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Jan 24, 2009

The origin of the name - Münch

The history & origin of the name - Münch

Münch family crest
The city of Munich was founded in Carolingian times (1158) by by the Welf Henry the Lion, duke of Saxony and of Bavaria near an already existing settlement of Benedictine monks Münichen (Latin Monacum, Monachium). The village grew around St.Peter church next to a bridge over the Isar River,for that it was referred to as zu den Münichen -- "at the site of the little monks." The name stuck -- though it was later shortened to München, and the little monk, or Münichen, remains the symbol of the city of Munich even today.

The Bishop Otto von Freising imposed tolls on the traffic moving along the salt road that stretched between the cities of Salzburg, Hallein, Reichenhall, and Augsburg. The ruler of the Bavarian territory, Guelph Heinrich der Löwe (Duke Henry the Lion), was in need of cash. So, with the customary ferocity that had earned him his nickname, he simply burnt down the bishop's bridge and built his own bridge a few miles upstream, preempting the profitable tolls. Emperor Frederick Barbarossa was called upon to settle this dispute between his cousin Heinrich and his uncle Bishop Otto at the Imperial Diet held in Augsburg in 1158. However, the bishop's fully justified rage did little to influence the faraway emperor, who was too busy with more important problems to worry about than a minor clash between church and state. (Duke Henry represented the state, the bishop the church. The battle over the tolls was whether the money would go to the state or to the church.) This particular squabble, however, was to have far-reaching consequences.

Henry the Lion had already had successful experiences in founding trading centers. With this knowledge, he granted Munich the right to mint its own coins and to hold markets, basic tools that any city needed for survival. Tolls from his new bridge, which now funneled the lucrative salt trade across the Isar, went directly into Henry's coffers. Within a few months, Barbarossa validated the crude but effective actions of his duke, legitimizing the establishment of Munich on June 14, 1158, the date that is commemorated as the official debut of the city. Henry, however, had to accept a price: Barbarossa ordered that a third of all tolls generated by the new bridge be paid to the bishop of Freising, whose bridge Henry had destroyed.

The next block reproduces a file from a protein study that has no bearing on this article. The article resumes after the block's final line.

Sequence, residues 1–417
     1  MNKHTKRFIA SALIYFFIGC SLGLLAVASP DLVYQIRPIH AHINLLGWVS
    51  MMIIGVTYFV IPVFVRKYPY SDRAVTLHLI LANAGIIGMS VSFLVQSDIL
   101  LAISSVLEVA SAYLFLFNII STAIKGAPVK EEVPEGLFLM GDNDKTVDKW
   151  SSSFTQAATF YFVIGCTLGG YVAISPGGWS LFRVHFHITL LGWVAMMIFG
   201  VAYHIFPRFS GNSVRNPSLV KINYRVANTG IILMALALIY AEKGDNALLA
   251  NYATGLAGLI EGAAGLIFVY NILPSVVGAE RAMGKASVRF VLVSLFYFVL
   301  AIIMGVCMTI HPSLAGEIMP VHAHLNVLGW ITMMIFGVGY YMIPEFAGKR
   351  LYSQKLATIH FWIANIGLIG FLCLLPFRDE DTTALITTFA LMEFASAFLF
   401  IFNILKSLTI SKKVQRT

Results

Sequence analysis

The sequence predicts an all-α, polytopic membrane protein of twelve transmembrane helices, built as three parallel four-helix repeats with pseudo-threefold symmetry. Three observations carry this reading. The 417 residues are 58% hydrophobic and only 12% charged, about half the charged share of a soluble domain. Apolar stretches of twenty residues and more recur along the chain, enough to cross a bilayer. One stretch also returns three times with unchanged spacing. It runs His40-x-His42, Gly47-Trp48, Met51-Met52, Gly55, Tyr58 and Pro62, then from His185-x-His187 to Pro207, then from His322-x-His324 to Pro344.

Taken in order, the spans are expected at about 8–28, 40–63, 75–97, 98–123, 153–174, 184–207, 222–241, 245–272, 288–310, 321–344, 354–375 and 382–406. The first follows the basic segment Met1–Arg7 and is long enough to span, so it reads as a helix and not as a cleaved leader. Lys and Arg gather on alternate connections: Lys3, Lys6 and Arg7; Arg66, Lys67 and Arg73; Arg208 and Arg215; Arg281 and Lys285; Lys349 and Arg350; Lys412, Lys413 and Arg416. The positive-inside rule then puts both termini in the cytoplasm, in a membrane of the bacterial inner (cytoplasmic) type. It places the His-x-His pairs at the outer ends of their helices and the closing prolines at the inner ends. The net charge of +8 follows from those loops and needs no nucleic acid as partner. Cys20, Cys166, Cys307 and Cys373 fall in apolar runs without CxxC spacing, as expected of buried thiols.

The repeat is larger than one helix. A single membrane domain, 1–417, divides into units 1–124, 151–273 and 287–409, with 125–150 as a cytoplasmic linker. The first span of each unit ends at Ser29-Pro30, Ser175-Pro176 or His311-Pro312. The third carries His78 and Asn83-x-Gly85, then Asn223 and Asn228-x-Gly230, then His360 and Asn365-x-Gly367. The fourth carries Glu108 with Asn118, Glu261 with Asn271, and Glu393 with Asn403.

As described above, the roots of the distinguished German surname Münch lie in the region of the Rheineland used as a surname by a former member of a monastery, who passed the name down to his desendents. First found on a tomb stone , where this family was prominent contributor to the development of the district from ancient times. It was derived from an estate, purchased from an order of monks in France. This name is also established in Scandinavia, especially Denemark.

The name Münch, as originally spelled means monk or friar. The name is derived from the Low German (Münch) And French (Alsace) variant of Mönch. The name Minnig is chiefly of German and Swiss origin, meaning, "one who led an austere existence". The diaeresis or "umlaud" over the name Münch has the effect of u e (Muench). Spelling variations include: Munch, Munnich, Munnick, Muench, Munsch, Münsch, Muenich, Münnich, Monsche, Münich, Muennich and many more.

Coat of arms of Munich
The coat of arms of the city of Munich

The Serbo-Croatian Version is Minh (Minhen) and the newest version is the Hebrew one מינך (pronounced - Minh). This variant was proposed by the Ministry of Interiors of the State of Israel to Dr. Paul Münch after immigrating with his wife Klementina and his son Alexander (That's me...),from Zagreb (former Yugoslavia) on January 15th 1956.


Dear Alex,

At the end of the story you wrote:

This variant was proposed by the Ministry of Interiors of the State of Israel to Dr. Paul Münch after immigrating with his wife Klementina and his son Alexander (That's me...),from Zagreb (former Yugoslavia) on January 15th 1956.

Actually it was simpler: the Hebrew is an exact transcription of the Yugoslav 'Minh' and was simply copied from Yugoslav documents.
I reverted to Münch later on the basis of my birth certificate (Vienna, 1924), but the Hebrew version remained the same because in Hebrew there is
neither ü nor ch.

Love - Aba

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